Propagate Hydrangeas

Beginner’s Guide: How to Propagate Hydrangeas

Hydrangeas are one of the easiest perennial shrubs to propagate. It’s easy to propagate hydrangeas by taking stem cuttings. Below, I will show you how easy it is to propagate hydrangeas and I will take you through, step by step, how to propagate hydrangeas.  I also have a video that you can watch to learn how to propagate hydrangeas.

How to Propagate Hydrangeas video

How to Easily Propagate Hydrangeas

Step 1: Get a Stem Cutting

If you see a hydrangea shrub that you like in your garden or your friend’s garden, you can easily take stem cuttings. The nice thing about propagating hydrangeas is that you can take a stem cutting from any hydrangea shrub at any stage of maturity. You can even take cuttings from a hydrangea floral arrangement! It’s that easy! It also doesn’t matter when you take the stem cutting- spring or summer. 

Cut at least a 4-inch stem cutting from any hydrangea shrub. Cut below the node.

Propagate Hydrangeas
Take a stem cutting

Step 2: Remove the Leaves

Use gardening scissors to remove the leaves of the stem cutting. This is so the hydrangea stem cutting can focus its energy on producing roots rather than the leaves.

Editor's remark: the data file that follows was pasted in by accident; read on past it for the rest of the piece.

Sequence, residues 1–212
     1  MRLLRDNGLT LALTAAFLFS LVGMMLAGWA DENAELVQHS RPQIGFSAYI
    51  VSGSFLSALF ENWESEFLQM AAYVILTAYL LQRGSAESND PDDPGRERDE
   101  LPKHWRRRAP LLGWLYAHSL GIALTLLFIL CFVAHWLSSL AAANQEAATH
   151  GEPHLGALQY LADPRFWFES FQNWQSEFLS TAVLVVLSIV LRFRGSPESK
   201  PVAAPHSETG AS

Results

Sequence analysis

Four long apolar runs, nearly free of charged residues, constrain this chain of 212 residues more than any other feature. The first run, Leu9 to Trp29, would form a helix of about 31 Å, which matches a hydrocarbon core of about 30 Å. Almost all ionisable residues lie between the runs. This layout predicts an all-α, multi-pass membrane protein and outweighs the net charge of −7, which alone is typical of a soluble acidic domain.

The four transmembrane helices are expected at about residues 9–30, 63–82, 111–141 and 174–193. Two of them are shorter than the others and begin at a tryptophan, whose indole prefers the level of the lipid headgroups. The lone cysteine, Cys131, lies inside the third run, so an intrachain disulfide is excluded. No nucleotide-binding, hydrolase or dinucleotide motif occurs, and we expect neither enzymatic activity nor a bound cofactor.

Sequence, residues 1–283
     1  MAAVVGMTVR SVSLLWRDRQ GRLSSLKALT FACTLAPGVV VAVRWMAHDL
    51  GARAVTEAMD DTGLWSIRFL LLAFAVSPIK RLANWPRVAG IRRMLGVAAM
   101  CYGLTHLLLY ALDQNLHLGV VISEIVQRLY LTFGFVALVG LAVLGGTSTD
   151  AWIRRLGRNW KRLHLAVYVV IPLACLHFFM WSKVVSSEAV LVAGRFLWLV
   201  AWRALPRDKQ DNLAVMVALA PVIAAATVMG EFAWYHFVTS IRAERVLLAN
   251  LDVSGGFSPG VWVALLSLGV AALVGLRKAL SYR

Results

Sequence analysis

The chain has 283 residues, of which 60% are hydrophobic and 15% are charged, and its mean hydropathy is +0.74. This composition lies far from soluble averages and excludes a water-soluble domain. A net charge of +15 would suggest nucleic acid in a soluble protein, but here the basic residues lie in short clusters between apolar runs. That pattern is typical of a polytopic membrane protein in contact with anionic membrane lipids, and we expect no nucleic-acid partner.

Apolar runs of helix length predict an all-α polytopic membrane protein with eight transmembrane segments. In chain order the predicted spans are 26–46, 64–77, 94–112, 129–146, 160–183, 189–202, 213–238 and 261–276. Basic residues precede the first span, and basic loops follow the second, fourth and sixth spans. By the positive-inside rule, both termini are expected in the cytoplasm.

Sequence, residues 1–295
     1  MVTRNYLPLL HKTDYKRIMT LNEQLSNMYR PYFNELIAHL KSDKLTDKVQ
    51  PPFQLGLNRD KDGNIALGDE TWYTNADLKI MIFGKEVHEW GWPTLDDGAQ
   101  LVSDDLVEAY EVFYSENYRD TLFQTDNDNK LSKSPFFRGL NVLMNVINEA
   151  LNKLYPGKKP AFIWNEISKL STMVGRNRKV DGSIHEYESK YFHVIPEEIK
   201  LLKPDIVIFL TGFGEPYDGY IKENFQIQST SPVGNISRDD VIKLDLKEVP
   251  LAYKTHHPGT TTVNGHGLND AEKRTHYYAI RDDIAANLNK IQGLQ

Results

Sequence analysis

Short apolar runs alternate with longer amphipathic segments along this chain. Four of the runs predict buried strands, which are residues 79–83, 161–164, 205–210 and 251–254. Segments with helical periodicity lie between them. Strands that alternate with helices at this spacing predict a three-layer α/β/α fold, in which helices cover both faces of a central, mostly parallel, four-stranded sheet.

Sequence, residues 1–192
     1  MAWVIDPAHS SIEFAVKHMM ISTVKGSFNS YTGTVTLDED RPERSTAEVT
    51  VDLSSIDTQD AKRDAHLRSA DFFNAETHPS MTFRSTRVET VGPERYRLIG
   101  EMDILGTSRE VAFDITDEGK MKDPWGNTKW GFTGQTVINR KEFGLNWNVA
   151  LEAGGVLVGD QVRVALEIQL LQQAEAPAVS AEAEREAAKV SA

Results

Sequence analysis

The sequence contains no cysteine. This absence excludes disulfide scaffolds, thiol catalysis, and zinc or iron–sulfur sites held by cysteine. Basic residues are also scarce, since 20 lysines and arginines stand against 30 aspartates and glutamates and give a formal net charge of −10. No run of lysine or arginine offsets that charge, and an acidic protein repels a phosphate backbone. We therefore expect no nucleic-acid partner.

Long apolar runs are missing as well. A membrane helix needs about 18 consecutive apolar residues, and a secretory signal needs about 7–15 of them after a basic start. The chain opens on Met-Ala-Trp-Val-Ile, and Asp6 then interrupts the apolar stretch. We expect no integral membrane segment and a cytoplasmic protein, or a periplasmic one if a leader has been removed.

Propagate Hydrangeas
Remove the leaves from the hydrangea stem cutting

Step 3: Rooting Hormone

Dip the ends of the hydrangea stem into rooting hormones. I like to use this rooting hormone but you can use any rooting hormone. 

Propagate Hydrangeas
Dip the hydrangea stem cutting in rooting hormones

Step 4: Plant the Stem Cutting

Soak up a pot of potting mix with water. After dipping the hydrangea stem into the rooting hormone, plant the hydrangea stem cutting into the pot. Poke a hole in the soil with your finger and insert the stem cutting.

Propagate Hydrangeas
Plant the hydrangea stem cutting in a pot

Step 5: Wait for your Hydrangeas to Develop Roots

Keep the pot of hydrangea stem cuttings outdoors and in the shade. It will take 4-5 weeks to develop roots. 

You can check for roots by gently tugging on the hydrangea stem cuttings. If there is resistance, the roots have developed and taken hold. 

Here is an example of hydrangeas stem cuttings I planted 3 months ago. Here you will see that the roots have taken hold. There is resistance if I tug it. You can see the hydrangeas are flourishing. Some of the stem cuttings even have flowers! 

Propagating hydrangeas
Hydrangea stem cuttings that was planted 3 months ago

It’s so easy to propagate hydrangeas!

You May Also be Interested in these Hydrangea Care Tips

Step by Step: How to Easily Propagate Hydrangeas (video)

How to Deadhead Hydrangeas (video)

How to Make Hydrangeas Flower (video)

Beginner’s Guide: How to Care for your Hydrangea (video)

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